THE DOGHOUSE: Pet friendly modifications could pay off when it comes time to sell. Pic Mark Cranitch.IF YOU believe Josh Euler then the real estate market has well and truly gone to the dogs. The home renovator says that it can make good financial sense to make your home dog friendly even if you do not own any pets.With just a few inexpensive modifications, like a doggie door to let four-legged friends move easier around the home, the saleability of your home could improve. With his business Ready for Sale Home Makeovers, he gets down and dirty to make modifications in Brisbane homes before they hit the market with the goal of securing a better sale price for the owners.And more and more this involves the adding those little things to make homes more desirable to pet owners. A lack of doggie doors could be a turn-off for potential buyers. Pic Mark Cranitch.Rebekah Hurworth from Family Home Experts helps design and renovate homes to make them ideal for people with pets.Different types of carpeting might look the same to the untrained eye, but some types were much better for people with cats.“Cut carpet is ideal because cats can’t get their claws into the loop,” Ms Hurworth said.If an agitated or curious feline got their claws into a looped type of carpet she said the only option for homeowners might be to replace the entire carpet, which can cost homeowners thousands of dollars.“Most of the carpet companies produce a pet friendly underlay, and that helps prevent smells and makes them easier to clean out,” she said. Rebekah Hurworth and Family Home Experts will be at The Home Show next week to talk about how to renovate homes for pets. The Courier-Mail is a partner of the Brisbane Home Show, which runs from Friday, February 23 to Sunday, February 25 at the Brisbane Convention and Exhibition Centre.For tickets and details go to www.brisbanehomeshow.com.au Moodles and Maud (caramel) and doggie door in suburban home. Pic Mark Cranitch.“People look at who is the target market for that house,” Mr Euler said. “If it is a large family home then most people are going to have a pet, so we focus on the people in the market that would want that house.”He said that a pet owning family might pass off an otherwise ideal home because it lacked simple things like a fully fenced backyard or a pet door to the home.More from newsParks and wildlife the new lust-haves post coronavirus21 hours agoNoosa’s best beachfront penthouse is about to hit the market21 hours agoSimple modifications can make it easier for pups and kitten to be part of the family.“If a home’s design is not pet friendly when it goes for sale, you’ll be limiting your target market,” he said.Real estate agent at Place Newmarket Mario Sultana did not believe pet renovations would increase value, but said it could still be work doing. “If you have a person that has a pet and these features are already in place it could be the difference between someone buying the home and not buying the home,” Mr Sultana said.“People are time poor, and if these things are already done then it makes perfect sense for them.”As well as potentially adding value to a home, a lack of pet renovations could cost money according to one architect.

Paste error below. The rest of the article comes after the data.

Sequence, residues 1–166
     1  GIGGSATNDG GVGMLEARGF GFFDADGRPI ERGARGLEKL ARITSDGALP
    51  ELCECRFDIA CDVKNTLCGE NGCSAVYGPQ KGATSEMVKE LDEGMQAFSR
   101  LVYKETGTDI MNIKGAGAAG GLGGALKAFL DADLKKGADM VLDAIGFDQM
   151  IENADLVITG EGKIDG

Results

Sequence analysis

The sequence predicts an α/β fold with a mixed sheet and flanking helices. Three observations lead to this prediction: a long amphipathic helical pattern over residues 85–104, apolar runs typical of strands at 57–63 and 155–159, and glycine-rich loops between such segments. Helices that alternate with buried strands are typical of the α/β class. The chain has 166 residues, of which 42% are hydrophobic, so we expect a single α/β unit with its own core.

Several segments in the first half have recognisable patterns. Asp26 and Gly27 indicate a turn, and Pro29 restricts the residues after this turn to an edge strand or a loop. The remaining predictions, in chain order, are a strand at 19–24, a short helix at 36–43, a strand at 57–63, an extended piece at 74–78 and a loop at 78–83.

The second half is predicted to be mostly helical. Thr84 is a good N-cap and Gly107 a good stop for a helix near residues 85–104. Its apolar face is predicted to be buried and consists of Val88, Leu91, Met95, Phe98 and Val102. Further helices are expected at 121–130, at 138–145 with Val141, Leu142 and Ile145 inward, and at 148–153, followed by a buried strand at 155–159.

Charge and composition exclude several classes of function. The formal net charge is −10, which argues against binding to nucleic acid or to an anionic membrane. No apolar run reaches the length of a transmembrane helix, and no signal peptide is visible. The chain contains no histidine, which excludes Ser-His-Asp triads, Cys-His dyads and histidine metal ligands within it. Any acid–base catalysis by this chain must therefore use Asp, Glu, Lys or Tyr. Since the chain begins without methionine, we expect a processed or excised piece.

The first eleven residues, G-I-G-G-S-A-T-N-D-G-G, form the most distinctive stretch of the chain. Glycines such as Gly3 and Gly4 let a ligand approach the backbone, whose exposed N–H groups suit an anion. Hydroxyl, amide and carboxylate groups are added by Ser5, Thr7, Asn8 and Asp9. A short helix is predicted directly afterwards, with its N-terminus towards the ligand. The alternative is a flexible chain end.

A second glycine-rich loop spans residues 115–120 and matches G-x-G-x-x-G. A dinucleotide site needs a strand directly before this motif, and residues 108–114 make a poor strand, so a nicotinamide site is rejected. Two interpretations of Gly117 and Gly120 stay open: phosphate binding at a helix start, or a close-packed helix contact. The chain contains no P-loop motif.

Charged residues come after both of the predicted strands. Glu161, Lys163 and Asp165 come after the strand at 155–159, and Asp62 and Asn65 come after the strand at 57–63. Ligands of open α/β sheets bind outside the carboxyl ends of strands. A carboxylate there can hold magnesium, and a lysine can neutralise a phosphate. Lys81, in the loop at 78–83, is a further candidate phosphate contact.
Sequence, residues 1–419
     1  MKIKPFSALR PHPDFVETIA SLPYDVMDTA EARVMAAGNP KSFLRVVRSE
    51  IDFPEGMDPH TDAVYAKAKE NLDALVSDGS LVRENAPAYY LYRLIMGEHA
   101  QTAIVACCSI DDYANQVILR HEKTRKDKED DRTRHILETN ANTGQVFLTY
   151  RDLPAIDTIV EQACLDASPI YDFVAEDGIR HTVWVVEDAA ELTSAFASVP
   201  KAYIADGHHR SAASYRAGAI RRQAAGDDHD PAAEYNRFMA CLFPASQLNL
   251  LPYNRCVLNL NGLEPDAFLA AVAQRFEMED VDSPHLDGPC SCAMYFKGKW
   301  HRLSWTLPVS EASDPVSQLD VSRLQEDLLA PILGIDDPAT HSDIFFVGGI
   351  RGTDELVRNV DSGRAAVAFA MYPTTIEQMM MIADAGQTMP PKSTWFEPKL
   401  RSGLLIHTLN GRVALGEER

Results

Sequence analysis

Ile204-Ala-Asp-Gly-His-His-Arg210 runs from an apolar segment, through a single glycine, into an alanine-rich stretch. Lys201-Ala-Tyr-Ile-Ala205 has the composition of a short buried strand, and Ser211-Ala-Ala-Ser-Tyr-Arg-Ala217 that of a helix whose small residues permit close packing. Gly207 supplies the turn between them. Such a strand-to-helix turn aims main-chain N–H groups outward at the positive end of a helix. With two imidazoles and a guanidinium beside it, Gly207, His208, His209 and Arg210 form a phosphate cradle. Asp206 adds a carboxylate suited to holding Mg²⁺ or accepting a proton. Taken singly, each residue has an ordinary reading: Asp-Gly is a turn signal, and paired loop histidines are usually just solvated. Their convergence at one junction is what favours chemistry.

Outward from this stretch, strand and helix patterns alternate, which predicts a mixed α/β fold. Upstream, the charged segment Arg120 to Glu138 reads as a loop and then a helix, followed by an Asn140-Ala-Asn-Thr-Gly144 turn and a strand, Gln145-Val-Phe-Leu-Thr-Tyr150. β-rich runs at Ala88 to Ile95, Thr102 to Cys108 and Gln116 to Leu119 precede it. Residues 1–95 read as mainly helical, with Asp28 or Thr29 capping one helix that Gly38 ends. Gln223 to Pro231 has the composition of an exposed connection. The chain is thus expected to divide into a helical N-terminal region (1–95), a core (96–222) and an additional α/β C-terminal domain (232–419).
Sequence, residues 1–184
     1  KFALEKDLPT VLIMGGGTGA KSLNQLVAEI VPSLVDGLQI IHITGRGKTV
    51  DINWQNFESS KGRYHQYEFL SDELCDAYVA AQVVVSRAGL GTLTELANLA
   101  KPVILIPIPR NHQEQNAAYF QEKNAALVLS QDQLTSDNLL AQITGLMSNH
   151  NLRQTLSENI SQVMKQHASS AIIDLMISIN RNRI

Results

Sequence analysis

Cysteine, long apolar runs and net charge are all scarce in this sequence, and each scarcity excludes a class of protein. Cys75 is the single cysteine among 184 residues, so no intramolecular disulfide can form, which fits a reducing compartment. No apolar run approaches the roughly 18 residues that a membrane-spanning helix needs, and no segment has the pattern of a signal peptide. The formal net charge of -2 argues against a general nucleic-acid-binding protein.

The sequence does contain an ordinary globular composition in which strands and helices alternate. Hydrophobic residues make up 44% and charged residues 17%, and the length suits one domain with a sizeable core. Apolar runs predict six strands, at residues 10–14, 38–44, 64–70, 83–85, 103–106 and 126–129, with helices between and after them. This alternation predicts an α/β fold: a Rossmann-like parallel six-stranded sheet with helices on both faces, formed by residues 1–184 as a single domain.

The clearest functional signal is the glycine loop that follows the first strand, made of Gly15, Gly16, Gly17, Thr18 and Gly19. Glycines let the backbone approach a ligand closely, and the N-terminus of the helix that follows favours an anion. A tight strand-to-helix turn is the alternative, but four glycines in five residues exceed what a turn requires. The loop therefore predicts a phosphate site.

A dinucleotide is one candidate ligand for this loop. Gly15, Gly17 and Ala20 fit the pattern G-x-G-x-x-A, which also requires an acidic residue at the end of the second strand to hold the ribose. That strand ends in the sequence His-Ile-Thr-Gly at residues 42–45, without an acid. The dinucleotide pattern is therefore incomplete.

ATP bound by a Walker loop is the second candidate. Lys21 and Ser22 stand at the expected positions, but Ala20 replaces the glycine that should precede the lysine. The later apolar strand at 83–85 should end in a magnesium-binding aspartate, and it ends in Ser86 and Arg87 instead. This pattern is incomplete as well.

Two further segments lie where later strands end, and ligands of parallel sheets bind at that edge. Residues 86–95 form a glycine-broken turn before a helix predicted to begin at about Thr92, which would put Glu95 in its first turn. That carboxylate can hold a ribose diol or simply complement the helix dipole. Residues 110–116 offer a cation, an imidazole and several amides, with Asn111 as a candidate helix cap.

BEN CLASSON/Herald photoAfter enjoying a 66-day hiatus, the UW football team took the field for the first time since falling to Tennessee 21-17 in the 2008 Outback Bowl on New Year?s Day.Although practice was held indoors in the McClain Center and the players wore no pads, everyone seemed excited to get back into the swing of things.?[The first day] was great; it was a lot of fun,? said senior quarterback Allan Evridge. ?It?s fun getting back into it. It seems like we just finished up, but now when you start getting back on the field, you realize how long it?s been and how much you?ve missed it, so it?s been great getting back.?Last season, Evridge began the spring looking to compete with Tyler Donovan for the starting spot under center. With Donovan graduating this semester, Evridge enters spring ball as the clear favorite to succeed Donovan as Wisconsin?s starting signal caller.But despite his change in role, Evridge claims that his approach hasn?t changed from last spring.?I don?t think that really changes anything,? Evridge said. ?My mental approach is the same as it was last year. I take every opportunity to be [getting reps]. That?s just the name of the game, especially at the quarterback position.?With the regular season still months away, Evridge has one thing in mind: continue to improve.His goal for the spring is the ?same as always,? Evridge continued. ?Get reps and improve and take one thing at a time and take advantage of everything. Right now our team?s trying to take advantage of every play, every snap, every series and every game. So I?m just trying to keep that mentality and keep pushing forward.?Taking snaps alongside Evridge Saturday was freshman Curt Phillips, who graduated high school a semester early to join the Badgers. Phillips won the Gatorade Player of the Year for the state of Tennessee as a senior and enjoyed his first day dressed in cardinal and white.?I really enjoyed it,? said the Kingsport, Tenn., native. ?It?s definitely a big jump from high school, so I?ve been looking forward to getting in there and seeing what it was like.?Phillips admitted that he was nervous, not having much time to go over the playbook.?But coach Chryst helped me out and the other quarterbacks helped me out,? he added.Even after only one day of practice, Phillips noticed a significant change in the pace of the game from high school ball.?It?s definitely a lot faster,? Phillips said. ?I enjoy getting in here, getting used to the speed. That?s probably the biggest [difference], is the speed of the game.?That, and the weather.?It?s cold here,? Phillips joked. ?I?m from east Tennessee. It gets cold, but not like this. We probably get five to six inches of snow a year.?Despite the substantial change in climate, Phillips is excited to be a Badger.?Whenever I was looking (at schools), I wanted to find the best combination of academics and football, and here you can?t really beat the top-tier football program and top academics,? Phillips said. ?When I came and saw the atmosphere at Camp Randall, I thought it was pretty awesome.?Catching passes from both Evridge and Phillips Saturday was sophomore Kyle Jefferson. Last season, Jefferson had seniors Luke Swan and Paul Hubbard to look up to and learn from. This season, Jefferson enters the spring as the mentor and UW?s No. 1 wideout, a responsibility he is willing to take on.?I?ve just got to be a leader,? Jefferson said. ?I?ve got to do things right the first time. I?ve got to show my guys that I?m here every day working hard, so just follow behind me so we all can be great.?It?s fun to be a leader to your group. It?s a big honor, especially being so young. To be able to be a leader to a group that?s much older, that?s been here longer than me, I feel honored.?